Tag Archives: horror films
It’s been a long while since I’ve seen a witty and clever homage to horror films (last, I guess, being Scream), but this one takes a whole new angle from breaking down horror movies. Behind the Mask examines not only every slasher movie ever made, but attempts to recreate it down to a science. And, because it’s a movie, of course it does. Combining the refreshing take of a mockumentary and not taking itself too
A stunningly shredding performance.
seriously with a bit of ironically dark humor, this movie proves that even horror movies can be original.
Taken from the angle that Jason Vorhees, Freddie Krueger, and Michael Meyers are real people, this movie accepts the idea that there really are slasher serial killers out there. And what they do, they do for a living. It’s an art form. And, more than that, it’s all planned out to be executed flawlessly. There’s not escaping the killer, he does cardio.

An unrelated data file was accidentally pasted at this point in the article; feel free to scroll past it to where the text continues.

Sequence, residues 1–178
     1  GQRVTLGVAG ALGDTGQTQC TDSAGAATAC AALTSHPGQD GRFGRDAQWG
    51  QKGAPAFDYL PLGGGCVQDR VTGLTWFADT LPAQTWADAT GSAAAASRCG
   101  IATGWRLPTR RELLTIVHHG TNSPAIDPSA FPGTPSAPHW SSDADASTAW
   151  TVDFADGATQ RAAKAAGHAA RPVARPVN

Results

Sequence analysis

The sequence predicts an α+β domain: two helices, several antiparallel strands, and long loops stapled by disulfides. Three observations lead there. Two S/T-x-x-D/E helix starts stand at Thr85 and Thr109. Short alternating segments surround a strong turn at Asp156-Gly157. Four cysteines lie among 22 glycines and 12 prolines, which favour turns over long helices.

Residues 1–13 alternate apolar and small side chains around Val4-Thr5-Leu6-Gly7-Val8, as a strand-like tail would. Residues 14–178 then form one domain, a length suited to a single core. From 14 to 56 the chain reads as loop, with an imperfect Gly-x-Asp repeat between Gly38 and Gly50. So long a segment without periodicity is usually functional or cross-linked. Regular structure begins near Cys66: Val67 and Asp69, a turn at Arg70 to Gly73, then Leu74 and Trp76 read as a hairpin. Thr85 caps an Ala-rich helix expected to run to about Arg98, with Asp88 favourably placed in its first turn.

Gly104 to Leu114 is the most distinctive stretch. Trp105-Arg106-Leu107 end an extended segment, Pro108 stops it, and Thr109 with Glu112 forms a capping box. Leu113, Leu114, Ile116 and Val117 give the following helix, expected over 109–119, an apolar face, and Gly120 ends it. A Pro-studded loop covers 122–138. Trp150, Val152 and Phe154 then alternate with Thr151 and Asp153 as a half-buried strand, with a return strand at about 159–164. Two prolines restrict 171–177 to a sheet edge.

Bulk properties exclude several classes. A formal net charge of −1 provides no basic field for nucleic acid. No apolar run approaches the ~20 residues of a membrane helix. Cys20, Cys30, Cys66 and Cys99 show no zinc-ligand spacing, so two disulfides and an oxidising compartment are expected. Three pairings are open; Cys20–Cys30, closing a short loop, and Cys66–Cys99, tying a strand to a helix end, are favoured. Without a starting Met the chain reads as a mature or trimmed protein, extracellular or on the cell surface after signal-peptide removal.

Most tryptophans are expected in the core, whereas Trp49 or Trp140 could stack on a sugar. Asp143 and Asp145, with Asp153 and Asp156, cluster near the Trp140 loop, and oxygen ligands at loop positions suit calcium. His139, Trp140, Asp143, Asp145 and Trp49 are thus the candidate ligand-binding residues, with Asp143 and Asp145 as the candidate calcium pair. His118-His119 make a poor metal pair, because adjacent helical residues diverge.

She looks like Erin, right? It’s not just me?
So we follow Leslie Vernon (Nathan Baesel), a relatively unknown actor to me, but one that will stand out forever after his entrancing performance in this film. After accepting the terms of a documentary crew following him around, he is joined by Taylor Gentry (Angela Goethals), an aspiring journalist. He shows off his farm and the legend behind his supposed “death”, and lays it all on thick. Taylor & crew can’t believe at first that this is all real, until they accompany Leslie on his stake-outs and preparation trips for his night of killing. And then it all becomes too horrifyingly real.
This movie leaves no idea unturned or examined. Everything is
Oh Robert Englund, you…
explained from a reasonable and logical standpoint to the extreme that someone could pull this off without much trouble (provided that humans can be predictable). The documentary style really added a level of eeriness that the movie-like scenes detracted from the film. You get that generic feel of Halloween or Friday the 13th, but I much rather liked following Leslie around on his preparation and first killings. It’s all a matter of preference.